Case Studies

How have researchers used DataShop in the past? What were their experiences like and what did they gain? Below is a collection of "case studies" that describe some research goals and how DataShop was used to approach them.

Future case studies

Improving the KC model for the Andes self-explanation study

Bob Hausmann

University of Pittsburgh learning sciences researcher Bob Hausmann uses DataShop to perform an exploratory analysis on tutor data collected with the Andes physics tutor. He uses learning curves to find an unusually difficult section of the tutor, and experiments with a different way of conceptualizing a knowledge component involved in problem-solving. He creates this alternative knowledge component model in Excel and imports it into DataShop, where he compares learning curves between the original and revised models. Bob also discusses the general workflow for getting tutor data from the Andes tutor to DataShop, and how he performs QA on these data.

Exploratory data checking and analysis before export for statistical analysis

Kirsten Butcher

Learning sciences researcher Kirsten Butcher uses DataShop to perform sanity checks on log data she collected in a study exploring how to support students in integrating visual and verbal information during learning. She prunes data by removing data associated with irrelevant knowledge components, and discovers differences between conditions in a time-based learning curve analysis. She then exports her data for statistical analysis.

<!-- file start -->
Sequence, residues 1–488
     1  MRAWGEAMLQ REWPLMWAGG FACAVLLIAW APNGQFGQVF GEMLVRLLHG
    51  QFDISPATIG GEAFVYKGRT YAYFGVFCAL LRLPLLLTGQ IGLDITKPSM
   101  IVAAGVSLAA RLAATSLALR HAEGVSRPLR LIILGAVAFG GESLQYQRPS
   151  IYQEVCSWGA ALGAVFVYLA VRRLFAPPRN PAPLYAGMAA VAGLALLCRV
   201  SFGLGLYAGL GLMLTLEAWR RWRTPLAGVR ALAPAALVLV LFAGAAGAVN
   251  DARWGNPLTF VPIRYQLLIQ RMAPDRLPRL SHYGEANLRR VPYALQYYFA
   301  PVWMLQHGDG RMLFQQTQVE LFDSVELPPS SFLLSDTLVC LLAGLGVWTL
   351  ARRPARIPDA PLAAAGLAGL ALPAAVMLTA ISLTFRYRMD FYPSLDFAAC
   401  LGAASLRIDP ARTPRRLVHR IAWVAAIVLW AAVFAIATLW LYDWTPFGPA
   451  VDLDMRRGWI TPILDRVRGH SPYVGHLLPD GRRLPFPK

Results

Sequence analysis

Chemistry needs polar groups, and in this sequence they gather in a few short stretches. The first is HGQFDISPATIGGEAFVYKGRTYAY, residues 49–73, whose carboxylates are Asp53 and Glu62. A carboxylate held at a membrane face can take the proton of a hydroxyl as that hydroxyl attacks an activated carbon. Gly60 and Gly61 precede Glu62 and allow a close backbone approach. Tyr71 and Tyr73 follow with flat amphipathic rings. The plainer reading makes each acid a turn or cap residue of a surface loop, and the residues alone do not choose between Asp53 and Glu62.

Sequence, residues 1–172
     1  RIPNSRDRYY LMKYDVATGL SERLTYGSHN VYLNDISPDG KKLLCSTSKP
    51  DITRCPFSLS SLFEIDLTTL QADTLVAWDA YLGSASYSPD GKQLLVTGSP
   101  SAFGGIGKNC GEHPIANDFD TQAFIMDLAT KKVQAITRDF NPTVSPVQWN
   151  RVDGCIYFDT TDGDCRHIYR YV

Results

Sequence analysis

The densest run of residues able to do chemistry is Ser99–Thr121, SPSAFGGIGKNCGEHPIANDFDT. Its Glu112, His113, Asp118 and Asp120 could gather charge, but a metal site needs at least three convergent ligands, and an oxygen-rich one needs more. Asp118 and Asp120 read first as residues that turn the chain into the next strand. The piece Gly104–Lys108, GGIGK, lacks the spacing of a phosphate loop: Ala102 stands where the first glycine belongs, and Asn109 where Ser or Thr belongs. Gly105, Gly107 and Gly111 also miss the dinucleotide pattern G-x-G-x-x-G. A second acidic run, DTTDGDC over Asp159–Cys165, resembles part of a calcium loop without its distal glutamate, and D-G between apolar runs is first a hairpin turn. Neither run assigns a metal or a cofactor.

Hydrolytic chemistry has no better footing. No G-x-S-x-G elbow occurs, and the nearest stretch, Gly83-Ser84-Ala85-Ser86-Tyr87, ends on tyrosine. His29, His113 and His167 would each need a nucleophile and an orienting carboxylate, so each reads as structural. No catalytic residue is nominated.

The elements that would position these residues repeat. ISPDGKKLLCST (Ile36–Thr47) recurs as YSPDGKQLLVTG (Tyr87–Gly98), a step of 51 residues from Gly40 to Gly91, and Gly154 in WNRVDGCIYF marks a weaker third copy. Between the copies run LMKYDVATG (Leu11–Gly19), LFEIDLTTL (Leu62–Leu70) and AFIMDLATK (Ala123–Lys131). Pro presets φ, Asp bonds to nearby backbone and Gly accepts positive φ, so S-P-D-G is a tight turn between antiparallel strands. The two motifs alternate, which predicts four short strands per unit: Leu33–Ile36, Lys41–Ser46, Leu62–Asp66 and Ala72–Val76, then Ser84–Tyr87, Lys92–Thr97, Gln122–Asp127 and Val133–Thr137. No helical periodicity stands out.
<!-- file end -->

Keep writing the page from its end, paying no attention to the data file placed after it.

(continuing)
Identifying under- and over-practiced knowledge components

Ken Koedinger, Hao Cen

Carnegie Mellon Professor Ken Koedinger and post-doctoral researcher Hao Cen use DataShop learning curves to identify over-practiced and under-practiced knowledge components in the Cognitive Tutor Geometry (1996) dataset. With this knowledge, they analyzed and optimized the Cognitive Tutor's knowledge-tracing parameters for that unit to improve learning efficiency. The results, when analyzed in DataShop, show that the new knowledge-tracing parameters presented smoother learning curves with fewer opportunities (less time): the new tutor gave more opportunities to practice difficult knowledge components and fewer opportunities to practice easy ones. Data was exported to establish that students using the new tutor spent less instructional time than those using the old version. (The student-problem aggregate now makes that easier.) Separate analysis of paper pre- and post-test data demonstrated that despite spending less time on the unit, students using the new tutor demonstrated equivalent robust learning gains.